Get the Dirt from Glenna Thompson of Symbiosis Wines

11 Nov

Q. What will you be pouring at The Garagiste Festival?
A. I will be pouring 5 Reds: 2007 Grenache, 2007 Petite Sirah, 2007 Syrah, 2008 Grenache and 2008 Pangaea (crazy blend)..

Q. Tell us something about Symbiosis.
A. Symbiosis Wines is tiny. I do everything from choosing grapes and barrels, to punching down, to labwork, to label and web design, bookkeeping, marketing and sales.  The focus is on handmade, artisan wines made in as ‘green’ a way as possible.  I use recycled paper labels (color = green), source sustainably farmed grapes (would like organic, but they’re proving impossible to find) and whenever possible, gravity rack and pallet jack rather than pumping and forklifting.  Symbiosis uses grapes from both the east and west sides of Paso – what matters is the actual quality, not just the prestige associated with the area. 

Q. How did you get started making wine? What did you do before making wine? Do you still have a “day job”?
A. I was doing a Ph.D. in microbiology when my project got ‘scooped’.  I was going to have to start over after 8 years, and while I was considering what to do, I went wine tasting and thought – ‘I wonder if there’s such a thing as a wine microbiologist, and if I could just be WORKING?’  So, I moved to Paso to take a temporary job in a wine lab, and didn’t go back.  Some of the other careers I’ve had include running an upholstery factory, exhibit development for science museums, doing aquaculture, and ballet/modern dancer.  Wine seemed like the perfect blend of art and science, and I’d already spent a long time keeping living things happy in tanks.  No ‘day job’ – I sincerely hope never to have one of those again.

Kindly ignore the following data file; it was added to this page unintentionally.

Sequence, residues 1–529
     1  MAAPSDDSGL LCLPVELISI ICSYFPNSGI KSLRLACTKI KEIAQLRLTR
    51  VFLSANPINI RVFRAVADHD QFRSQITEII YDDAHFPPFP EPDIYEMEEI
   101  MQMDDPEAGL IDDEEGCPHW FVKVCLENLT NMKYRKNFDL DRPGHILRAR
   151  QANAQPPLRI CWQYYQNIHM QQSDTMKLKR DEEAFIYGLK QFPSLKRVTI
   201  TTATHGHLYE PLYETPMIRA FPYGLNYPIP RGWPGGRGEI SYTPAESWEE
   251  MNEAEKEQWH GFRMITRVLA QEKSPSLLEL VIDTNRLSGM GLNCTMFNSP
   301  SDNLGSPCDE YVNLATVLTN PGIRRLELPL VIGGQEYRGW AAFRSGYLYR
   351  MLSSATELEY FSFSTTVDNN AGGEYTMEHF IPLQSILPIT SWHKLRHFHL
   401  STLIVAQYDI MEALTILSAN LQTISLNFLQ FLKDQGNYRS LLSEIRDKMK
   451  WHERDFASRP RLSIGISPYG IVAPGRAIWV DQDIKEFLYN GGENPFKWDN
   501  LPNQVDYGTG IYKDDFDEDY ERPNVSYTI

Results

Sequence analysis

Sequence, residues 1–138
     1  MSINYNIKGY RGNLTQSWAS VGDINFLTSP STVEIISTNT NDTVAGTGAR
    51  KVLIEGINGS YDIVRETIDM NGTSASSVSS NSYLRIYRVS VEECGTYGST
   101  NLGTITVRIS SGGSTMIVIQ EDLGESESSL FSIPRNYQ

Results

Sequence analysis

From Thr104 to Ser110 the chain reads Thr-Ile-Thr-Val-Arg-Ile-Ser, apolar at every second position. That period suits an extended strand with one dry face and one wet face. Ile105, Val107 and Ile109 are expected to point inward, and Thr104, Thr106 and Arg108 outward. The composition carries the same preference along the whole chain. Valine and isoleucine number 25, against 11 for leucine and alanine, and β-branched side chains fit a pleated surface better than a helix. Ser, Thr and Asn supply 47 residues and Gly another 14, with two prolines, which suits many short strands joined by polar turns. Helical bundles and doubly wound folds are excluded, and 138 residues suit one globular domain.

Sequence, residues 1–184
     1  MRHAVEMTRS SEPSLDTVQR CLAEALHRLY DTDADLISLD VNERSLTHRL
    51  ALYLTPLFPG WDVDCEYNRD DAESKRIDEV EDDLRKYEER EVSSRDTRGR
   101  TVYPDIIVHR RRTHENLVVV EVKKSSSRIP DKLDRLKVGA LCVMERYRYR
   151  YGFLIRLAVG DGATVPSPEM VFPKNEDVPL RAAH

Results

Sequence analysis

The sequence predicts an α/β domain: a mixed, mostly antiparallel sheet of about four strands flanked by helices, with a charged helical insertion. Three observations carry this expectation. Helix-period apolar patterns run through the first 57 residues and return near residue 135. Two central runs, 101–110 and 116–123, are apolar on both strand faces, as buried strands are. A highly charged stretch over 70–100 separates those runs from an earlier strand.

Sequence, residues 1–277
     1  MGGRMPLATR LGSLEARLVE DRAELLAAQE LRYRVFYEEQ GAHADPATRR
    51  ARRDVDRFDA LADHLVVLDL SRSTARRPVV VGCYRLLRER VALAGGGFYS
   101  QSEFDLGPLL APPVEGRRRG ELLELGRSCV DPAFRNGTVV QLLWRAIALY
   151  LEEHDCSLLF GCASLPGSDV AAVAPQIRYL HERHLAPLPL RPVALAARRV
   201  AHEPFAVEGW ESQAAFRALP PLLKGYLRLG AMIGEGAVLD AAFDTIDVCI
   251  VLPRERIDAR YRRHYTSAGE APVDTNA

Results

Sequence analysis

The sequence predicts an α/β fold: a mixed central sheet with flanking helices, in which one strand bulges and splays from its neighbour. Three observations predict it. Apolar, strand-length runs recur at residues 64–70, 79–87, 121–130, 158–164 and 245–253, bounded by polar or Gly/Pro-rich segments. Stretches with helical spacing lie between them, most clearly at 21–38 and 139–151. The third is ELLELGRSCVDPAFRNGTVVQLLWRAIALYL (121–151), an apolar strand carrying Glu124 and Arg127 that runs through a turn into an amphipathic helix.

Q. What kind of wine do you make? Why those varietals? Why are you making wine where you are?
A. I only make reds that I like to drink.  Would love to make a rose’ (the only white I really drink), but don’t have the equipment.  I make wine at Starr Ranch, a small collective of friends, which is why I am there.  Grenache, Tempranillo, Syrah, Petite Sirah, Cabernet Sauvignon, so far.

Q. What do you hate about making wine?
A. I don’t like getting injured, and winemaking is very physical work that involves heavy equipment. Winemaking equipment seems to have been designed by men who like big heavy loud machines, which if often feel is overkill. 

Q. Besides your own, what is your favorite wine region in the world?
A. Spain/Portugal.

Q. Old World or New World? Would it be as much fun to be a winemaker if you had to abide by the appellation laws of France or Italy?
A. I think all those rules have served a good purpose, and have resulted in identifiable styles and characters.  I’m glad I live in the New World and don’t have to follow them.

Q. What was the most important lesson you learned from your first vintage?
A. I learned that I can make really good wine!

Q. What’s the story behind the name of your winery/label?
A. I had been doing symbiosis research with microbes for quite a few years as a grad student. Early early evolution, chemical cues that allow microbes to communicate, compete for nutrients, establish symbioses.  I love that stuff, and didn’t quite choose to leave – it just  happened that way.  When I was thinking of what I should call myself it was a blank, till it occurred to me that there was really only one choice.  Besides my own history, the notion of differing things working together to create a whole that is greater than the sum of its parts is what wine IS, how it is made, how grapes are grown, what people are, why we have food with wine. 

Q. Any advice to offer aspiring winemakers?
A. Who am I to give advice?

For more information about Symbiosis Wines, click here.

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